Korean J Fam Pract. 2017; 7(6): 824-829  https://doi.org/10.21215/kjfp.2017.7.6.824
Relationship between Skipping Meals and Impaired Fasting Glucose in Non-Diabetic Korean Adults
Hyo-Sun You, Jun-Hyuk Lee, Won-Jun Choi, Ji-Won Lee*
Department of Family Medicine, Yonsei University College of Medicine, Seoul, Korea
Ji-Won Lee
Tel: +82-2-2019-3481, Fax: +82-2-3462-8209
E-mail: INDI5645@yuhs.ac
Received: March 3, 2017; Revised: August 22, 2017; Accepted: September 18, 2017; Published online: December 20, 2017.
© Korean Academy of Family Medicine. All rights reserved.

This is an open-access article distributed under the terms of the Creative Commons Attribution Non-Commercial License (http://creativecommons.org/licenses/by-nc/4.0) which permits unrestricted noncommercial use, distribution, and reproduction in any medium, provided the original work is properly cited.
Abstract
Background: Regular eating patterns play a crucial role in blood glucose control and irregular eating habits, particularly skipping breakfast, have been reported to increase the risk of developing type 2 diabetes mellitus (T2DM). This study examined the correlation between skipping meals and impaired fasting glucose among non-diabetic adults, as part of a wider aim to reduce the risk of developing diabetes through educational programs targeting eating-habits.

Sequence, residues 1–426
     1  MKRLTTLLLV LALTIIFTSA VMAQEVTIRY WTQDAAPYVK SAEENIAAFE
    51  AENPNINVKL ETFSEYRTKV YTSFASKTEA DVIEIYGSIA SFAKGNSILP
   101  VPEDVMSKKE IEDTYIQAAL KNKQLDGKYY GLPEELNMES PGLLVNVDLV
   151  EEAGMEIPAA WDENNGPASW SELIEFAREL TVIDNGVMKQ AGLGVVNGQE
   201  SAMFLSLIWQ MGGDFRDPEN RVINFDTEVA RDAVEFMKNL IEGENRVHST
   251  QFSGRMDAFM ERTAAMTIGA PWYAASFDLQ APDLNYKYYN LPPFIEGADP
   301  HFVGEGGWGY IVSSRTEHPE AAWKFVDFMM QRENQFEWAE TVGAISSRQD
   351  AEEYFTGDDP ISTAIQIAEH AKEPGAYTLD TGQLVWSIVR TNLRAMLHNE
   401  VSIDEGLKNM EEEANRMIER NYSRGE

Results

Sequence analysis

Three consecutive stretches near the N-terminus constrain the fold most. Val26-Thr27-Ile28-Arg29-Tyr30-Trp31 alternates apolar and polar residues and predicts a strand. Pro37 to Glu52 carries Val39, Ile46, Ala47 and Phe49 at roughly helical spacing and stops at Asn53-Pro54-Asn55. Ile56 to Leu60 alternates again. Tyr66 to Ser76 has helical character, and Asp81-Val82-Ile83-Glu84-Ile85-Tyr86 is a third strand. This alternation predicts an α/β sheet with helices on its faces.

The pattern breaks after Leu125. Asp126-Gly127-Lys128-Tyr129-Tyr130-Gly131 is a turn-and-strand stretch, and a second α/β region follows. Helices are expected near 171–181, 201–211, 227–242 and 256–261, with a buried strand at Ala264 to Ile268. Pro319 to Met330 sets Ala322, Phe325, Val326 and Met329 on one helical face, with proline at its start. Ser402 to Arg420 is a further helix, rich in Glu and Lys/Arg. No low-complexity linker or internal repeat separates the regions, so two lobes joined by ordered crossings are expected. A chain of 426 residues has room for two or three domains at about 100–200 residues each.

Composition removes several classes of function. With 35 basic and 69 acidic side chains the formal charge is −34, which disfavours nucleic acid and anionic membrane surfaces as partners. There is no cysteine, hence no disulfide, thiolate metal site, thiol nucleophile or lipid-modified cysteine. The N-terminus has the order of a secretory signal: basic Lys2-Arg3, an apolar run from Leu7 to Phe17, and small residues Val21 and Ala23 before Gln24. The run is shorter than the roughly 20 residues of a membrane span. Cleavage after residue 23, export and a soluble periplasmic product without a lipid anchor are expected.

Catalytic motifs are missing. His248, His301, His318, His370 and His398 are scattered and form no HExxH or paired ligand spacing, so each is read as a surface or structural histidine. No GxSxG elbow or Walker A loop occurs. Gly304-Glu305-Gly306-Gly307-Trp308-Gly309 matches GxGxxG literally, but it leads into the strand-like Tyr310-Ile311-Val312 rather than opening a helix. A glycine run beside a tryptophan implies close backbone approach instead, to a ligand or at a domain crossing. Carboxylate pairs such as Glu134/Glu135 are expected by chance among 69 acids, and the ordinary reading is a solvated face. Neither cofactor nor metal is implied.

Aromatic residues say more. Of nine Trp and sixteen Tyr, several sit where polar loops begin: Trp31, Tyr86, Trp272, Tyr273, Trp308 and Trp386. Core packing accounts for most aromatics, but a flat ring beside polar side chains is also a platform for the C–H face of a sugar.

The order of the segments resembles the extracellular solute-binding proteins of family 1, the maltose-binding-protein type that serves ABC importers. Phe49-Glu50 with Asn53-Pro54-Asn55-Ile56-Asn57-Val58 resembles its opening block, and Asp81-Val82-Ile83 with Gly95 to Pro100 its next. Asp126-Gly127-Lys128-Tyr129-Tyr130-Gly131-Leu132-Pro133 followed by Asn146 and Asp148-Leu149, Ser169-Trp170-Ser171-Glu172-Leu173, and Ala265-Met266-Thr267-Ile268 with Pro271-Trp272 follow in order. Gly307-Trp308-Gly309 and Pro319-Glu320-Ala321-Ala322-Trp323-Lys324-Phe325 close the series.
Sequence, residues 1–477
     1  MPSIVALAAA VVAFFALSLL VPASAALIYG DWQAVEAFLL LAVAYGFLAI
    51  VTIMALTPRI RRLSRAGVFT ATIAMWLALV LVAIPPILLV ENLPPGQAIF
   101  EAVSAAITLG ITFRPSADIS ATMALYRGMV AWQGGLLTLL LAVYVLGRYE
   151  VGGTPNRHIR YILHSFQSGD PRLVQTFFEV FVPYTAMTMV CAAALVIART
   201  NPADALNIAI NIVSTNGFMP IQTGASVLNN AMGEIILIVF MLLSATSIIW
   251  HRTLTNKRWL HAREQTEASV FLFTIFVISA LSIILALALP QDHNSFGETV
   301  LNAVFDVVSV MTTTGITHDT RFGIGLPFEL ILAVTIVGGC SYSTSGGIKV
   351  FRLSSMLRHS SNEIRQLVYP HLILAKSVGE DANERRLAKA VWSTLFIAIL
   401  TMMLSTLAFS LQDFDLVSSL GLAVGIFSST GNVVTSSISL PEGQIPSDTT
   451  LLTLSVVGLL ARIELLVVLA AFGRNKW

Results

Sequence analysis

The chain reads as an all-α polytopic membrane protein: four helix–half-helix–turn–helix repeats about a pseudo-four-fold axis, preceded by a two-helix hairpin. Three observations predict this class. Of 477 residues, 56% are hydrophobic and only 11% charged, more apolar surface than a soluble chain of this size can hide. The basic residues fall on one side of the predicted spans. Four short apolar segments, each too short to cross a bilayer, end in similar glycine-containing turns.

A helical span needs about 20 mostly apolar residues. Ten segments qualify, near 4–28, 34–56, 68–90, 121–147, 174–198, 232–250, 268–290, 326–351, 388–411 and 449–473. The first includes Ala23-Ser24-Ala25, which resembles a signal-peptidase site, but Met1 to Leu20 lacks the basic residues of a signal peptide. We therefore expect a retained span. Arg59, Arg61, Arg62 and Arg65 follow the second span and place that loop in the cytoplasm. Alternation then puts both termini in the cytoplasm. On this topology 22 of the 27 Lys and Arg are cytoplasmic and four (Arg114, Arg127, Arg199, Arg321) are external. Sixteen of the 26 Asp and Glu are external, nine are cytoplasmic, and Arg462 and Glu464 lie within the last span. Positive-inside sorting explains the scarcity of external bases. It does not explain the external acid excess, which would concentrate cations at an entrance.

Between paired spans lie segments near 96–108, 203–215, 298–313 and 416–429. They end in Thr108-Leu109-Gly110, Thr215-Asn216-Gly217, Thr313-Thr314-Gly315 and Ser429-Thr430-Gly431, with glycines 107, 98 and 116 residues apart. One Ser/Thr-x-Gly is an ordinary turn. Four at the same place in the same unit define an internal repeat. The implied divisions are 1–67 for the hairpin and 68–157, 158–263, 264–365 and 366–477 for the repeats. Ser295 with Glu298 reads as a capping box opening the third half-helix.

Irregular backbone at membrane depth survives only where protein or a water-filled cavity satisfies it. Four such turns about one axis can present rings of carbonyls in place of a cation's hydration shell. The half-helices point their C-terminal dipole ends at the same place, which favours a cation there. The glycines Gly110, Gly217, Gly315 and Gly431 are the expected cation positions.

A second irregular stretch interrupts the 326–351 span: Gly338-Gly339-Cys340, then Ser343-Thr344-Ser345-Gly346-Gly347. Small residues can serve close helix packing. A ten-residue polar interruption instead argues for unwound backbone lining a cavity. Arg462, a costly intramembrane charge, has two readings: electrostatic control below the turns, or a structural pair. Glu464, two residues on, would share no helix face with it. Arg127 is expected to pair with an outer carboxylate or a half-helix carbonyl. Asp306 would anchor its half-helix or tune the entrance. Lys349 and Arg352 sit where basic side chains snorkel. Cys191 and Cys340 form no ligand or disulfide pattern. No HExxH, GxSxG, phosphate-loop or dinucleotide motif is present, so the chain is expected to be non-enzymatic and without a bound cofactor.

Methods: This study was based on data derived from the Sixth Korea National Health and Nutrition Examination Survey (KNHANES VI-1, 2), 2013–2014, Koera Centers for Disease Control and Prevention and involved 6,731 non-diabetic adults between 19 and 64 years of age. Participants were categorized into a skipping meal group (SMG) and a non-SMG, according to their eating habits. To assess the correlation between eating habits and impaired fasting glucose we performed complex sample logistic regression analysis, adjusting for age, sex, body mass index, exercise, income, occupation, marital status, and education.
Results: The incidence of impaired fasting glucose was higher in the SMG (odds ratio, 1.27; 95% confidence interval, 1.02–1.58) than in the Non-SMG (P<0.05).
Conclusion: Among non-diabetic adults, irregular eating patterns increased the risk of developing impaired fasting glucose, a recognized risk factor for T2DM. Educational strategies promoting regular eating patterns may contribute to the prevention of T2DM.
Keywords: Skipping Meal; Impaired Fasting Glucose; Diabetes Mellitus, Type 2; Non-Diabetic Group
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